Blood Red Horse

Brief Description: 12 yo son of an English lord grows up to join King Richard’s crusade in the Holy Land, along with his father and brother and a very special war horse. First in a trilogy

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Historical Era:

Date Range: 1185-1193

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Original Publication: 2004

Suitable for Grades: 5-8th

Target Audience: Middle Grade, Teen

Librarian's Review

Twelve-year-old William de Granville, younger son of an English lord, enjoys the company of his orphaned cousin Eleanor.  His brother Gavin, four years older, will inherit the property, and is intended to marry Eleanor who also has her own lands.  William passionately studies horsemanship and this novel is a delight for horse lovers or any reader who wants to learn more about horses.  When William is old enough to acquire his own destrier (a large war horse), he surprisingly chooses a small but agile red horse named Hosanna, enduring the ridicule of his older brother at this choice.  When King Richard I comes to the throne four years later, the lord, the brothers, and their war horses are called to join the crusade to retake Jerusalem from Sultan Saladin’s Muslim forces.

The journey to the Holy Land and ensuing battle scenes are realistically portrayed, with the horrors of war contrasting against the tedium of waiting for orders amid pestilence and uncertainty.  The charismatic horse Hosanna exhibits such a calm bravery that the warriors have taken to touching the white star on its forehead for good luck.  In the Holy Land we meet Kamil, a fourteen-year-old Muslim boy who has a different perspective on the struggle, having been orphaned by previous crusaders.  He seethes with vengeful hatred, going against Saladin’s Koran-inspired principles.  Also a skilled horseman, he admires William’s Hosanna from afar until a he has a victorious skirmish with the brothers and wins the horse for himself, sparing the brothers’ lives.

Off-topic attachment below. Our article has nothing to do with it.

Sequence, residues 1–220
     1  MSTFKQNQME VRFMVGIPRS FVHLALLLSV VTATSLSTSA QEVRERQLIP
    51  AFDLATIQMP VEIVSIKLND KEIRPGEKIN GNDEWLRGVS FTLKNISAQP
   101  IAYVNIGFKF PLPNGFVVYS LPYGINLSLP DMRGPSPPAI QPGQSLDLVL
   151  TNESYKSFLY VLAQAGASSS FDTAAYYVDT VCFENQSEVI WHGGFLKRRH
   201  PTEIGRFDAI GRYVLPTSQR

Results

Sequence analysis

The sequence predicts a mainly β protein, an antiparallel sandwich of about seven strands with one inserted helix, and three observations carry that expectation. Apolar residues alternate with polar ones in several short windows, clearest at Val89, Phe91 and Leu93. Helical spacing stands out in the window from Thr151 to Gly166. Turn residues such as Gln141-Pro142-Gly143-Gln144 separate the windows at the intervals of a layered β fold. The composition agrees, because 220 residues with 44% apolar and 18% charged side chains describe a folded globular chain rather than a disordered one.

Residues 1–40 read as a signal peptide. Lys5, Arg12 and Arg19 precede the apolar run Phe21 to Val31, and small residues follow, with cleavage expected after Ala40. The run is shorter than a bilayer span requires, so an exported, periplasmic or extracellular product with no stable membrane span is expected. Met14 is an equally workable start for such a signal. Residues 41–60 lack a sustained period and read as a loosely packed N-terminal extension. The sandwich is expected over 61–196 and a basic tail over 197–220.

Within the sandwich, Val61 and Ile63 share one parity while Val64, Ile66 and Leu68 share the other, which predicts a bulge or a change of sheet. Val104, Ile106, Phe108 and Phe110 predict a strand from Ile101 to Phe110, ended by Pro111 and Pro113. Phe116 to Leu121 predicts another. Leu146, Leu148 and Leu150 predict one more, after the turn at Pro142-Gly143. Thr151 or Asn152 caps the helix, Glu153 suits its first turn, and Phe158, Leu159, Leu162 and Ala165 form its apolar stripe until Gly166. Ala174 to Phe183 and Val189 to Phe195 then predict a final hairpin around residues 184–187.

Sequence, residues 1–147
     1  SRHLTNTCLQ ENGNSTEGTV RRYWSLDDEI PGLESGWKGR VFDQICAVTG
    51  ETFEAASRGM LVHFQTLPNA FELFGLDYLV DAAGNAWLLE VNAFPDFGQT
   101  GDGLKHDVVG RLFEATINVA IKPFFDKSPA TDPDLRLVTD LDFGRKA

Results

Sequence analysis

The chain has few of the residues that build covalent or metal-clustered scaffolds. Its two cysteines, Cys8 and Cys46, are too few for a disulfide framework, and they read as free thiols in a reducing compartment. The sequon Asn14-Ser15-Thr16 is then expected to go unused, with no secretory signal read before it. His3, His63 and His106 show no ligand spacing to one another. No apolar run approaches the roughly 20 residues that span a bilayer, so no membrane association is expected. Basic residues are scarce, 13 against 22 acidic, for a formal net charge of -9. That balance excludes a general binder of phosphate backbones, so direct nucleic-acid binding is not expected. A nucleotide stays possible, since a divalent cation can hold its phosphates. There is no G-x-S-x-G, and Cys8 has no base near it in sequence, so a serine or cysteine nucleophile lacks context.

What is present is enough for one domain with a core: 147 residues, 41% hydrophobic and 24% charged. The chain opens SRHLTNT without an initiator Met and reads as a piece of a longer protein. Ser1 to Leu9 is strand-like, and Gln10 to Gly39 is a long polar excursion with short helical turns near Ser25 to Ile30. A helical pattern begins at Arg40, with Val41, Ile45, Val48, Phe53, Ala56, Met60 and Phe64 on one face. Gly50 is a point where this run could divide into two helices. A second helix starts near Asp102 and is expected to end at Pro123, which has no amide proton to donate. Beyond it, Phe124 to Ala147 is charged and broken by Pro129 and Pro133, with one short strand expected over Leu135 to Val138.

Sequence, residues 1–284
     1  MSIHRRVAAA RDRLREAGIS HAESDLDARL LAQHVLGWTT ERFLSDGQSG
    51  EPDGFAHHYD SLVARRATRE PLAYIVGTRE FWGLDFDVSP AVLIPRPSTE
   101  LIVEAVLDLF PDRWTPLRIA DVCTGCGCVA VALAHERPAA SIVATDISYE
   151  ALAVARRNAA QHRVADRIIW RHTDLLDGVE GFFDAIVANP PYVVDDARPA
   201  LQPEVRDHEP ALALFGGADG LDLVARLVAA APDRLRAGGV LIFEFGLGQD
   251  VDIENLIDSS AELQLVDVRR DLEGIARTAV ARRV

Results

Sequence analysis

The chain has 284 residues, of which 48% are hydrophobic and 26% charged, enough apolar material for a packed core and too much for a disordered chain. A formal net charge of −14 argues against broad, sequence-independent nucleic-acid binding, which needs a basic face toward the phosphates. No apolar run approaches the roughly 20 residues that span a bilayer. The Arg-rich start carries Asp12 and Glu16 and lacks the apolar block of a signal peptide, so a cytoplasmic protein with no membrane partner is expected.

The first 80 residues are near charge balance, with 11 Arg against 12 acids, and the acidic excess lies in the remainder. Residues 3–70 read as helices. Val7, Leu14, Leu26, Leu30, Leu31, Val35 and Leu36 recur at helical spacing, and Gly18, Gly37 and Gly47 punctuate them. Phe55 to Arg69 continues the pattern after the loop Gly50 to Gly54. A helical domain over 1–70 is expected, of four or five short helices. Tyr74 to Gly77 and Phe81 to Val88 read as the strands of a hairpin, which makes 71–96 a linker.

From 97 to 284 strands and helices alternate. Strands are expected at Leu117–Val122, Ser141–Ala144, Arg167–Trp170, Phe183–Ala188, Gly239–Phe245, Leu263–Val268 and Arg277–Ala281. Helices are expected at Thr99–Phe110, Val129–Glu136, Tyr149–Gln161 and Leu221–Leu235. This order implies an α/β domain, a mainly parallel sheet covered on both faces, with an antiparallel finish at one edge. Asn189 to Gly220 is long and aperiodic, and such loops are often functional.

Meanwhile back at the brothers’ English castle, Eleanor suffers the manipulations of the aptly named Constable de Scabious as he smudges her reputation and schemes to marry her himself, while convincing others that the lord and his heirs have been killed in the Promised Land.  She is trapped and powerless and eventually held prisoner in the castle, but not before she is able to sneak off a letter seeking help.  Will the brothers survive the war?  Will Hosanna be reunited with William?  Will they be able to return in time to rescue Ellie from her plight?

The author is very knowledgeable on horsemanship and gives the reader a you-are-there perspective on some major events in the Third Crusade, medieval castle construction,  the social order of kings, lords and knights, the role of horses in war and daily life, and a sympathetic portrayal of the Muslim point of view during the crusades.  There is a map of Europe and the Mediterranean Sea with an inset of the Holy Land in the front of the book.  This is the first book in a trilogy featuring the de Granville brothers and, (as I understand but have not yet verified) a reunion with Kamil.

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